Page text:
The small port town of Saint Helens on the east coast has a couple of parks and some good views of the ocean. On a rainy day, the Bay of Fires Coastal Reserve was pretty, but not like it would have been in the bright sunshine. However, getting there was a wild ride. I had no idea that Tasmania had temperate rain forest and 'mountains' (about 1000 to 1500 feet; 305 – 457 meters). The ferns were more than 10 feet (3 meters) tall and about that across; the trees stretched up to beyond 80 feet (24 meters). The winding roads from Launceston, complete with three-trailer logging trucks careening toward us, encouraged us to look for 
Man and dog; World War I sculptures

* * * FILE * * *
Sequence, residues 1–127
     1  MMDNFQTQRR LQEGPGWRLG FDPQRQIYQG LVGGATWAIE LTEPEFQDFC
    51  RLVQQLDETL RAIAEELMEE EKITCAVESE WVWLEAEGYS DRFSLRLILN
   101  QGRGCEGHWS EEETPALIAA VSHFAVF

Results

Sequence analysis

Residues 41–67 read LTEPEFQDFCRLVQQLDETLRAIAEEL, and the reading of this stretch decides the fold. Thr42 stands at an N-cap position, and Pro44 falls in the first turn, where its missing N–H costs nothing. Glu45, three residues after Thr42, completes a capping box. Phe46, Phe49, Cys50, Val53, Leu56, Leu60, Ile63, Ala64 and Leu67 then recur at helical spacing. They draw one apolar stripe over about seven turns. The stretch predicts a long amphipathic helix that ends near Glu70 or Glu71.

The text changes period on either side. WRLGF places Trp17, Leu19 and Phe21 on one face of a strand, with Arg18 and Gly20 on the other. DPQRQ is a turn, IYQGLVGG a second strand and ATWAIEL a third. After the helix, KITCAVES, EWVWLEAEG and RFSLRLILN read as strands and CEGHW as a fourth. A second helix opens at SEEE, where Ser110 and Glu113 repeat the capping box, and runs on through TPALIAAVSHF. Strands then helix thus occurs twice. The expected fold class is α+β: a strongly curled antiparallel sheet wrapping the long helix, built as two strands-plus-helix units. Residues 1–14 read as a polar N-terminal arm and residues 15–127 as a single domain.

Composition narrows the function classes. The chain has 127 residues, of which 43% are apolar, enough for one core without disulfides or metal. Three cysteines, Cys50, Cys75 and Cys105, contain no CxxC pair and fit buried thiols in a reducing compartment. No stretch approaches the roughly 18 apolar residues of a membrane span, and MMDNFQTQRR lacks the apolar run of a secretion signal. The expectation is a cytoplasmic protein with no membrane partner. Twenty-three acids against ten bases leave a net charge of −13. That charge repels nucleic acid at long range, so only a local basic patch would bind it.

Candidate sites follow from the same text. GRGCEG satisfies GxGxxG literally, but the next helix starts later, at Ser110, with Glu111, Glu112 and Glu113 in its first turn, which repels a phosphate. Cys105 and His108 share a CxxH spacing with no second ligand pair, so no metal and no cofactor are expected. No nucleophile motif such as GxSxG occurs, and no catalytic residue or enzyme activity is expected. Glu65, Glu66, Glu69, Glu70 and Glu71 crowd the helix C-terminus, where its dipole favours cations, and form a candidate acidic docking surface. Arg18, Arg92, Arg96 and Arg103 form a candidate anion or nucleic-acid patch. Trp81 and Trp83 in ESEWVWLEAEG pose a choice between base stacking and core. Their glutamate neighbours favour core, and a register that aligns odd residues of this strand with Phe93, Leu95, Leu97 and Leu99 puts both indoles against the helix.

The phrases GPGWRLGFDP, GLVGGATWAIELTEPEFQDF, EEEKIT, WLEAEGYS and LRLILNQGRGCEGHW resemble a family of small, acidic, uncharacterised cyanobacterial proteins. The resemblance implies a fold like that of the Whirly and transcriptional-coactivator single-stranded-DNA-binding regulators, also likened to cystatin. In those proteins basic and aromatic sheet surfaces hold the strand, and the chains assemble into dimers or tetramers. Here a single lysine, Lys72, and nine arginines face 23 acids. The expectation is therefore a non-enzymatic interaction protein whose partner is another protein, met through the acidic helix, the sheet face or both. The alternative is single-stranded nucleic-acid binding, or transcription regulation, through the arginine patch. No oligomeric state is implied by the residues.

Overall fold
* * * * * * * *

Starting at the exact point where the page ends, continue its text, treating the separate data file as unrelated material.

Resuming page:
places to pull over to admire the view. And of course, there were the signs about falling rocks! Once down closer to the coast there are oodles of sheep with accompanying flocks of cockatoos rather than cattle egrets. Farther on down the coast is St Mary's where people come to surf. The water, straight from the Tasmanian Sea and the Great Southern Ocean had to be cold; maybe that's why surfers try so hard to stay on their boards. The water and the beaches were quite beautiful, even in the rain. Sometimes rainy days lead us to unexpected places, which give insight into the people of an area. Tasmania seems to be a haven for folk artists and the town of Dorset is no exception. In the early 1900s cedar trees were planted in honor of soldiers who did not return from World War One; at the base of each a plaque honors the fallen heroes. Unfortunately, as the trees aged, city fathers became concerned that the trees could fall, injuring someone. Rather than simply cut the trees down, Eddie Freeman of Ross, a chainsaw carver was asked to sculpt each stump. The Legerwood Carved Memorial Trees were fashioned into the likeness of each soldier along with scenes from World War One. This interesting exhibit reminded me of the trees that were carved after hurricane that hit Galveston Texas (see All Aboard!).